The Mind of a Goal Scorer
In the game of soccer, there are different coaching theories and philosophies, many takes on tactics and formations, various styles of play and players with different qualities. But this much we knew as a cold, hard fact about the Beautiful Game: scoring goals ain’t easy. In the world of forwards, those who can’t score are subject to stinging criticism and often a change of club where perhaps they can regain their “scoring touch,” while those who can consistently find the net are worshipped as some of the world’s most revered sporting gods, rewarded with massive wealth and the adulation of millions. ussoccer.com’s Center Circle dug into the psyche of the U.S. Women’s National Team forwards currently at the Algarve Cup in Portugal and asked them, besides the requisite speed and strength, what qualities a goal scorer needs to have and why it’s so darn hard to put that ball in the net.
Abby Wambach is one of the best goal scorers in the world. Her 68 goals in 87 games is the best strike rate in U.S. history. She led the USA in scoring in 2006 with 17 goals.
“You have to want it. You have to know and believe that eventually it will happen, that the one great chance will come. Every goal scorer goes through a slump now and then, but they always know in their hearts that scoring goals is what they were born to do. It’s something that you can’t teach, you can’t learn, you just have to be good at it. The fact is that the outcome and the course of the game probably won’t change unless you do your job. You can’t relieve the pressure of the game for your teammates unless you get a goal and every goal scorer thinks that that responsibility is riding on their shoulders. You have to be able to deal with that mentally.”
Kristine Lilly has scored more goals (118) than any woman in the history of international soccer besides Mia Hamm. She has scored five goals in Women’s World Cup competition and four in Olympic Games.
“Composure is key. So often you are in the box and you feel like four people are coming after you so you have to rush. People are yelling at you to shoot or pass, you have defenders coming at your legs, but you have to relax before the shot and not freak out because you have more options than you realize. The other thing is that you have more time than you think sometimes and when you watch tape of yourself afterwards, you realize that. You also have to stay focused the entire match. Early in the game, you need to be precise, but later in the game you need to be even more precise because time is running out and you don’t know if you are going to get another chance. You have to go in thinking whether it’s the first or the 85th minute, that you will stay composed and not rush every time you have a chance to shoot. Sometimes, you can be calm enough to get a ball in a dangerous position and find someone who is in an even more dangerous position to create an even better chance.”
Lindsay Tarpley has scored two of the most important goals in the history of the U.S. Women’s National Programs. She scored the “golden goal” that won the 2002 FIFA U-19 Women’s World Championship and also the opening goal in the 2004 Olympic gold medal match as the USA defeated Brazil, 2-1. She has scored 13 goals for the U.S. Women’s National Team, four goals for the U.S. U-21s and 24 in 26 internationals for the U.S. U-19s.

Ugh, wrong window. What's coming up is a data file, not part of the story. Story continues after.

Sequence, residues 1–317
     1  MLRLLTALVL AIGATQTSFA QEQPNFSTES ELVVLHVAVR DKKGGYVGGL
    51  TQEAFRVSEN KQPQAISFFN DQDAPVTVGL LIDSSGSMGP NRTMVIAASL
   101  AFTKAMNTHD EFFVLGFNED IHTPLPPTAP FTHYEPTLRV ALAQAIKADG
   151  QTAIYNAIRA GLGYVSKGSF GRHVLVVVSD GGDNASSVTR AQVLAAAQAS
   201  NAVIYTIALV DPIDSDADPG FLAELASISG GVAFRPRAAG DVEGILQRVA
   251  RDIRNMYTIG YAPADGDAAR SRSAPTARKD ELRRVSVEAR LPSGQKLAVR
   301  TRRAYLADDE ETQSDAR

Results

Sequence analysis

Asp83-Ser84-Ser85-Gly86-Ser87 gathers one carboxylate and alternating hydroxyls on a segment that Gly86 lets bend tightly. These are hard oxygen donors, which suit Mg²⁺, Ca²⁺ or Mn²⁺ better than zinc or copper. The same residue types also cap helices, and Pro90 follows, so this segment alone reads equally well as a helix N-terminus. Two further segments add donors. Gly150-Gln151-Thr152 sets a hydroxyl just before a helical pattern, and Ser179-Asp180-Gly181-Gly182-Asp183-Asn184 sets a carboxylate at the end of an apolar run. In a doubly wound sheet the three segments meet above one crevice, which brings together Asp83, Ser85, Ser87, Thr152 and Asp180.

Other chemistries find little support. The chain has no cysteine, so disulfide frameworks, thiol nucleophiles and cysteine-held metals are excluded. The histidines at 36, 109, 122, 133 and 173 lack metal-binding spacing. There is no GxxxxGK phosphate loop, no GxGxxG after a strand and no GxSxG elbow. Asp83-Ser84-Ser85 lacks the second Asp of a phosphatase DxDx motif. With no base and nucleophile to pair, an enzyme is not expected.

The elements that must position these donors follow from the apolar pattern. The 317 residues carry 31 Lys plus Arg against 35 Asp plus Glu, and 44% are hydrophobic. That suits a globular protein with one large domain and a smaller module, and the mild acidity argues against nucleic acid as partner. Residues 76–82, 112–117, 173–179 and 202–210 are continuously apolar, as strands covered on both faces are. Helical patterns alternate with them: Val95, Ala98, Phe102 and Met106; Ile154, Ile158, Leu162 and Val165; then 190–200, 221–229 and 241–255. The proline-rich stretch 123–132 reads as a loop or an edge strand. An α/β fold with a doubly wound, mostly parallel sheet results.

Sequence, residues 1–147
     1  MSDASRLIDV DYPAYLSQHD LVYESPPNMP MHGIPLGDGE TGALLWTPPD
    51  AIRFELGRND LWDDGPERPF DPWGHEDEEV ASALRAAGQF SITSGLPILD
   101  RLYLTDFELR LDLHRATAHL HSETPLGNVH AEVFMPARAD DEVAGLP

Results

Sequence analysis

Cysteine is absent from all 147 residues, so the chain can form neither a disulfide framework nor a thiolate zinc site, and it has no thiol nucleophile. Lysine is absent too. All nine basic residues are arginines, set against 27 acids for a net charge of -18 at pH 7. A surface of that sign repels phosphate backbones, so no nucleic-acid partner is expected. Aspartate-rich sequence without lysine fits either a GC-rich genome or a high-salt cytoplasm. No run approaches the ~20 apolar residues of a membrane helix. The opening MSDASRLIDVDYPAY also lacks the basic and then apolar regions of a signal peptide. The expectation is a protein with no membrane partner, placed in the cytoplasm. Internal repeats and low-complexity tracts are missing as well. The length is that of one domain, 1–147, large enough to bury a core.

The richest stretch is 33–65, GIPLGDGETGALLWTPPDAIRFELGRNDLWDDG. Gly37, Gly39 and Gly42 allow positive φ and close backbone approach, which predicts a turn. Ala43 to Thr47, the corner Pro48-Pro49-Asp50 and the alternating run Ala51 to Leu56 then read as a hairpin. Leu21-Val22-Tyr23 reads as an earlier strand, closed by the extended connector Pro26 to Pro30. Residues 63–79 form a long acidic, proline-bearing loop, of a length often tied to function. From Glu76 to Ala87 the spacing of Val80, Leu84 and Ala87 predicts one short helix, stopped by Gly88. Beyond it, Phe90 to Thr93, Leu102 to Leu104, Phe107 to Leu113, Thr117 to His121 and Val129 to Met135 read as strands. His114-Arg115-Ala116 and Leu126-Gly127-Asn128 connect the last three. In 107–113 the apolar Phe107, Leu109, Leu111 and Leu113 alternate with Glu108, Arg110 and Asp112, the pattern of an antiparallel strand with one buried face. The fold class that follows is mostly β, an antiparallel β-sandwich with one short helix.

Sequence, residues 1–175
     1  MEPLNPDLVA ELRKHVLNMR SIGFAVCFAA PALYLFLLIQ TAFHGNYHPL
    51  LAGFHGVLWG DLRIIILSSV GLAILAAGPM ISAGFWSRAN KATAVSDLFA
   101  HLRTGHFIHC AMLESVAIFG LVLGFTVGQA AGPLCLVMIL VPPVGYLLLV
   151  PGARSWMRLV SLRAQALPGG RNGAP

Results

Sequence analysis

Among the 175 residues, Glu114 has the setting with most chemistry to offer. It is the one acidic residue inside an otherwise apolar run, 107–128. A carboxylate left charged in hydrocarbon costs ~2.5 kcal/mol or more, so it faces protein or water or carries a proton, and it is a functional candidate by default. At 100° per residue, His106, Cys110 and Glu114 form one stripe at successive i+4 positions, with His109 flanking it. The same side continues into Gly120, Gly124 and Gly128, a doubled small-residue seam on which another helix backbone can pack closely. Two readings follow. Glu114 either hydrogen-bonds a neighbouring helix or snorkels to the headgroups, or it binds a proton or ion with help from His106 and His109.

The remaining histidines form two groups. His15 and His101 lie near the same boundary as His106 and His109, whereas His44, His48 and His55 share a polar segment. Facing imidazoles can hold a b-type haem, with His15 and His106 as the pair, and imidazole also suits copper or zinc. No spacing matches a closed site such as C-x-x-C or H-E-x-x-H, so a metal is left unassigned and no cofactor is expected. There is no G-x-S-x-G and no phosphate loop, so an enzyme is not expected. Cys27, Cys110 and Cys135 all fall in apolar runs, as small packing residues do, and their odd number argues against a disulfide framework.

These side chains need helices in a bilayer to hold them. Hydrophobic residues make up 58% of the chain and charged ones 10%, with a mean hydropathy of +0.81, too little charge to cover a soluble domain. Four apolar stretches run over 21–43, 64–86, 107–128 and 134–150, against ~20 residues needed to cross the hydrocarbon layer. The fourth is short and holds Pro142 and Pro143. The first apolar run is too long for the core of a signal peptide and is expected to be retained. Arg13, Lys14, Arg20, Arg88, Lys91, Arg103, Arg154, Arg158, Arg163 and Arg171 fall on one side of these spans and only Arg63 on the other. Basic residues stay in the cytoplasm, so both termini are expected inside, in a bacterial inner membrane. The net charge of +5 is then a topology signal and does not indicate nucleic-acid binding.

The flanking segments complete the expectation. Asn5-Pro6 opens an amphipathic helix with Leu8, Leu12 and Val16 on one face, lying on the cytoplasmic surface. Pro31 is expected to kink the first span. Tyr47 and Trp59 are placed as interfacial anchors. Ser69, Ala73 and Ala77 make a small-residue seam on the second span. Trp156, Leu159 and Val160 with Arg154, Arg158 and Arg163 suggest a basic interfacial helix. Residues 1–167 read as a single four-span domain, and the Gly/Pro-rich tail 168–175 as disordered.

“It’s the final element to the game that has many elements. You can do everything right on the field, play exceptionally well, the defenders and midfielders can do their jobs, but if someone doesn’t score, you are going to tie or lose, so there is a tremendous amount of pressure to help your team win. It’s a job that has to be done. They always say that the best forwards in the world have bad memories. I always laugh when I hear that because it’s so true. It’s tough to finish, but sometimes it’s over-analyzed. I think the forwards who score the most goals get to a place where they are just finishing and they are not worrying or tensing up when they get into those positions.”
Natasha Kai was the leading goal scorer in the country as a sophomore at the University of Hawaii with 29 goals and was the leading scorer for the U.S. U-21s in 2004 with 12 goals. She scored in her first two caps for the U.S. Women’s National Team and so far has racked up seven goals in her first 22 caps.
“You only get one or two chances in a game so you have to be so focused. You need to be prepared for whatever ball comes at you and you have to find a way to finish it. At the top level, you will never get more than five chances a game probably. Sometimes as a whole team, you will only get five. Some people think because we sometimes score a lot of goals that it’s easy. Brah, are you kidding me? It’s always a tough thing to do no matter who we are playing. I get so happy when I score because I like to celebrate. I like to celebrate with the fans and my teammates. For me, scoring is like a reward. We work so hard that when we get one, you shave to show some flava flav.”
Heather O’Reilly scored her first international goal at the senior level when she was 17. She has scored nine goals for the WNT and 18 goals in 18 U-19 internationals. She was the Offensive MVP of the 2006 NCAA Final Four as she led UNC to the NCAA title.
“I think it’s definitely one of the hardest things to do in the game. A lot of things need to fall into place perfectly to score. It has to be a good ball and good run, and you have to stay onside. I think for me, as a front runner, it takes a lot of energy, but also a lot of composure, and I’m still trying to sort that out. You have to have an intensity to do the work to get into position to score, but then you have to be able to flip a switch and be super calm when your chances come. It’s like at the moment when you are moving the fastest, you have to be the calmest. It’s not an easy thing to do and I guess that’s why forwards make the big bucks.”